The greenlet package is a spin-off of Stackless, a version of CPython that supports micro-threads called "tasklets". Tasklets run pseudo-concurrently (typically in a single or a few OS-level threads) and are synchronized with data exchanges on "channels".
A "greenlet", on the other hand, is a still more primitive notion of micro-thread with no implicit scheduling; coroutines, in other words. This is useful when you want to control exactly when your code runs. You can build custom scheduled micro-threads on top of greenlet; however, it seems that greenlets are useful on their own as a way to make advanced control flow structures. For example, we can recreate generators; the difference with Python's own generators is that our generators can call nested functions and the nested functions can yield values too. Additionally, you don't need a "yield" keyword. See the example in tests/test_generator.py.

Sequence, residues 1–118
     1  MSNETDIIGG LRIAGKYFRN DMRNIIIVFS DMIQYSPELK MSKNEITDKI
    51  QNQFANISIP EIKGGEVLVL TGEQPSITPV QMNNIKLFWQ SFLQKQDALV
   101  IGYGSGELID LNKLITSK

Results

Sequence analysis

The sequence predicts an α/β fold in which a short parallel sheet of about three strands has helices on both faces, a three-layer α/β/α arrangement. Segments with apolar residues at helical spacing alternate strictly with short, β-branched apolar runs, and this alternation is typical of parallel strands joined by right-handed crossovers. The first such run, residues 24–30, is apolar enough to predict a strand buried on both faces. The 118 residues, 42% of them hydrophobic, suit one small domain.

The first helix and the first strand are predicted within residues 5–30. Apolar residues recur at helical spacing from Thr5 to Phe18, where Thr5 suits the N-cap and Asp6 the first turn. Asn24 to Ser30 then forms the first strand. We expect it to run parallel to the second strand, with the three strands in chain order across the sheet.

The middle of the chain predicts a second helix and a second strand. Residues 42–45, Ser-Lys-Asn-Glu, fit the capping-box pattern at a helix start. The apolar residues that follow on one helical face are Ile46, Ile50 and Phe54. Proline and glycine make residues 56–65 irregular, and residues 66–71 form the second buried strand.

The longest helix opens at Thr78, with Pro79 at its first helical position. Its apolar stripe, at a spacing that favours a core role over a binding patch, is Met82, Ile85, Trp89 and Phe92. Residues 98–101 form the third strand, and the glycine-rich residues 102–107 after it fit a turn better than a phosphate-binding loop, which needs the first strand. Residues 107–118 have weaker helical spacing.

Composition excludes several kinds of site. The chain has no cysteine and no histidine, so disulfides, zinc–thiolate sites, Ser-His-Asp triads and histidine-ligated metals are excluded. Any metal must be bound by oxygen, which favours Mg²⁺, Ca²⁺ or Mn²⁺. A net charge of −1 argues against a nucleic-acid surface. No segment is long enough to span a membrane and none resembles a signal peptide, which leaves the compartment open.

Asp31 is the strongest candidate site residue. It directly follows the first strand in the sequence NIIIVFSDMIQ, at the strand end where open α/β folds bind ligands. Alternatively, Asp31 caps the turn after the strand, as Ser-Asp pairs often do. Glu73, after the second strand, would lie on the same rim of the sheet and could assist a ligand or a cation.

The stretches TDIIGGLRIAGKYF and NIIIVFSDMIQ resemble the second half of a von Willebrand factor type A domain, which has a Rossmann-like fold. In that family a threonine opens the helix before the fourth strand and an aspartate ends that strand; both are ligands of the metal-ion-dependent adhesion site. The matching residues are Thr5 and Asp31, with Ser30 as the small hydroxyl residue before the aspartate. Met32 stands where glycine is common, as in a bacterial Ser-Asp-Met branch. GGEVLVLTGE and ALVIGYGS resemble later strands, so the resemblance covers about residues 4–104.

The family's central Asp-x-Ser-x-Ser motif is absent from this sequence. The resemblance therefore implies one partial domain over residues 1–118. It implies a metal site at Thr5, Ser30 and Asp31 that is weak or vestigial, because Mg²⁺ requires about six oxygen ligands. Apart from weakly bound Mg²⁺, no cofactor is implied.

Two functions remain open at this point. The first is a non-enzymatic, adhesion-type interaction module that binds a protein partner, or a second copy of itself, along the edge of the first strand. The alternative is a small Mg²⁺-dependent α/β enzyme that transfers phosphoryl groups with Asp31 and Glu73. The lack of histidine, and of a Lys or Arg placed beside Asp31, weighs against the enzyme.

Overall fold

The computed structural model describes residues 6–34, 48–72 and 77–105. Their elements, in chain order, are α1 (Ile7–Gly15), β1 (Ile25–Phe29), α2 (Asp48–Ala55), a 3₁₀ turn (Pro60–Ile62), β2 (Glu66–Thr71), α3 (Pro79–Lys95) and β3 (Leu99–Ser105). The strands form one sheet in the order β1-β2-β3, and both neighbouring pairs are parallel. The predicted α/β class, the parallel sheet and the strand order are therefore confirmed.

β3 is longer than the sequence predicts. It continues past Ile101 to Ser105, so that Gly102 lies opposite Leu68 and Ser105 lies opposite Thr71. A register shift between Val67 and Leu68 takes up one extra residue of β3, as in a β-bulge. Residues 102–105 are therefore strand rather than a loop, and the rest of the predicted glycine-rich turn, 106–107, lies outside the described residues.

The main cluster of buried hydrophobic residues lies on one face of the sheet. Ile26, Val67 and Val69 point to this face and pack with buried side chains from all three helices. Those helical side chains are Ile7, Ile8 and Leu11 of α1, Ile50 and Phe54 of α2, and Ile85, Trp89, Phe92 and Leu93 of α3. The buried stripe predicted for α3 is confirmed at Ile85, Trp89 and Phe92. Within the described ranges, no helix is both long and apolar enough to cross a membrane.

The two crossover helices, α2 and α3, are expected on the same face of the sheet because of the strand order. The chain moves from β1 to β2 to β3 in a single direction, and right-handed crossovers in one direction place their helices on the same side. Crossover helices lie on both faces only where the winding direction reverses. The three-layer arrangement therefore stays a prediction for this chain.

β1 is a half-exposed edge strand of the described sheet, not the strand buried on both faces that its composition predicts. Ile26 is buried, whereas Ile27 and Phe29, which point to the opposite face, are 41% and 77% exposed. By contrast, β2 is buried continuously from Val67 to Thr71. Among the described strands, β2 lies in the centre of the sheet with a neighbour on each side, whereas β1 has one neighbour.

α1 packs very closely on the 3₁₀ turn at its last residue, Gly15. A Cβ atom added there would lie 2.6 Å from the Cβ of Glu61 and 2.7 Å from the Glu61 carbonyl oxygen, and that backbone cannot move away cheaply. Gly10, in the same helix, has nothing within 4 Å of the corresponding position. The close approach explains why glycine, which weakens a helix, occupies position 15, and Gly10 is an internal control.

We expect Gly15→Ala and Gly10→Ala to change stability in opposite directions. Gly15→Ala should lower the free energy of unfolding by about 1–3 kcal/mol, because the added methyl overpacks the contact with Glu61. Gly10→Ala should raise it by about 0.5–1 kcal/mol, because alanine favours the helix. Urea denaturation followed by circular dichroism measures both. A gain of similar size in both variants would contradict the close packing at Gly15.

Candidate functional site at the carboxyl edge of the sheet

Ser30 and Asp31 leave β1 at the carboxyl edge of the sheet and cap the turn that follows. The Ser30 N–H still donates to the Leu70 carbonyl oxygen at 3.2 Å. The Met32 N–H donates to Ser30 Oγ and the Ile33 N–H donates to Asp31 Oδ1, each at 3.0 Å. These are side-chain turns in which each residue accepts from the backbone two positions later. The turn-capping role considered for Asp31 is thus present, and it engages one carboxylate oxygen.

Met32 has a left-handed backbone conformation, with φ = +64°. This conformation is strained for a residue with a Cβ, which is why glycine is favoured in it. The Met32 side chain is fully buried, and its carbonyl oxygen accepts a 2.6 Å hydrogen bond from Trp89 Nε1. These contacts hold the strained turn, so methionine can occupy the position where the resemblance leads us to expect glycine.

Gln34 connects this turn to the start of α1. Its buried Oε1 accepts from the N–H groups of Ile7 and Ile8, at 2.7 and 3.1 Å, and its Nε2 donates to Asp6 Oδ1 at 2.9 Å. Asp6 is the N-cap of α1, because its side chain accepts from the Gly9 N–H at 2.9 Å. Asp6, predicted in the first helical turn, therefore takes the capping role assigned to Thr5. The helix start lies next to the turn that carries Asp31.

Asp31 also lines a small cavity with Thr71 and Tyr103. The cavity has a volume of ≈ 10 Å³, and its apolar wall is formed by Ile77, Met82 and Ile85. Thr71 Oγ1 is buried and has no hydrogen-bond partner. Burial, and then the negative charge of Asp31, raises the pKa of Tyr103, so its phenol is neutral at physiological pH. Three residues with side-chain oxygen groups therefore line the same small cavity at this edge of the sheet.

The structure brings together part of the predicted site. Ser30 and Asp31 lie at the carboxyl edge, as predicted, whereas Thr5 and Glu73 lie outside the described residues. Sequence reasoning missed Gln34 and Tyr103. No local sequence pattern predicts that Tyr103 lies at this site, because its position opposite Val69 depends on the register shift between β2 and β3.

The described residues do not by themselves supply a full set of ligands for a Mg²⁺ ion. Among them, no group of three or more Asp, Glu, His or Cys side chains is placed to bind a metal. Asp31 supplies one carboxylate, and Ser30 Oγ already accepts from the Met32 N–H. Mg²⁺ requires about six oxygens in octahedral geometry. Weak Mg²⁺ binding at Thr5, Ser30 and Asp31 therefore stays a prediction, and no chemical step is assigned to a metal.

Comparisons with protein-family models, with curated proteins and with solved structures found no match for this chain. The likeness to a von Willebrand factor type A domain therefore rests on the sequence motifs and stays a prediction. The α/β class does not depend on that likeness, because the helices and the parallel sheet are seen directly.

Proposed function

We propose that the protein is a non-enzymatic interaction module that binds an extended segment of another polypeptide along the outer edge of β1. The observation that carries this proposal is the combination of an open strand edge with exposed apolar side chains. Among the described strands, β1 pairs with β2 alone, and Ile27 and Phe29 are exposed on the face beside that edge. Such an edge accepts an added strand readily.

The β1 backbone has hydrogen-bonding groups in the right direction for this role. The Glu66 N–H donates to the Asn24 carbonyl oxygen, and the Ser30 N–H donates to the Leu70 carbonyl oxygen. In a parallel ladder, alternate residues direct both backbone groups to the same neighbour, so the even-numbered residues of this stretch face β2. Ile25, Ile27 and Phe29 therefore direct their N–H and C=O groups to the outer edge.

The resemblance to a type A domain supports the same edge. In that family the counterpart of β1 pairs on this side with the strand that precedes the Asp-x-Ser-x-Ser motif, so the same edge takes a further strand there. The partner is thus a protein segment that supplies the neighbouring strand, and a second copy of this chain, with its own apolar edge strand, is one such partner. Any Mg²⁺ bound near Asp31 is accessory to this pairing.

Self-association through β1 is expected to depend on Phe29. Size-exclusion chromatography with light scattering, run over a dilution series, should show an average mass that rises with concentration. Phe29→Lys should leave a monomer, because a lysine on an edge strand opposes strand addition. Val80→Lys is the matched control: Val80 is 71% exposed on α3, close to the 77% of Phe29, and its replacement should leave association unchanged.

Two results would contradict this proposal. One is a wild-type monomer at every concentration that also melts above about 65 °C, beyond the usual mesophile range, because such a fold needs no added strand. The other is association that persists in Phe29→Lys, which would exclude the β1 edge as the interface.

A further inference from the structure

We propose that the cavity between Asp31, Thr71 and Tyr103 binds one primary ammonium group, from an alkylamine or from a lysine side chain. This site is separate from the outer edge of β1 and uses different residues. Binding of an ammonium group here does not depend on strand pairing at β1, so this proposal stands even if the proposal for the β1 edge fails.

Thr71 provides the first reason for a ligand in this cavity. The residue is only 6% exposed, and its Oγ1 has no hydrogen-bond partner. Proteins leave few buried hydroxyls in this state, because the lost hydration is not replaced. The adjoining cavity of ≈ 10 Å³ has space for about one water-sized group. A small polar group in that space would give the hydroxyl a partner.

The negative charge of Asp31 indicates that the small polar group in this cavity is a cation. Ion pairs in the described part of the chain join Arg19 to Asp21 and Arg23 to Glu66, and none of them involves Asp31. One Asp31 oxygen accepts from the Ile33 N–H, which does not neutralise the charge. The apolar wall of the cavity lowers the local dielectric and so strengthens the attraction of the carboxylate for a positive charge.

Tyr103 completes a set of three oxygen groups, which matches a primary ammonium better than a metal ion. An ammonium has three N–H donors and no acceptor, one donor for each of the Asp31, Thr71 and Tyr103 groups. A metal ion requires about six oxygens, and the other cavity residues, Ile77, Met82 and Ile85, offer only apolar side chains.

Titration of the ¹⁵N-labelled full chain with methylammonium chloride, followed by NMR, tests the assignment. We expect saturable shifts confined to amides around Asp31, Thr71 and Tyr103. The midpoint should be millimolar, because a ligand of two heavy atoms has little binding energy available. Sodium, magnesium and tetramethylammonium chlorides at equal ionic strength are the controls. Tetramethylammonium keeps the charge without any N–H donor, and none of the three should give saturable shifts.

Greenlets are provided as a C extension module for the regular unmodified interpreter.
Greenlets are lightweight coroutines in-process concurrent programming. This package is the py.magic.greenlet module from the py lib.
Who is using Greenlet?
There are several libraries that use Greenlet as a more flexible alternative to Python's built in coroutine support:
The easiest way to get Greenlet is to install it with pip or easy_install:
pip install greenlet easy_install greenlet
The development tip is available via these tools as well:
pip install greenlet==dev easy_install greenlet==dev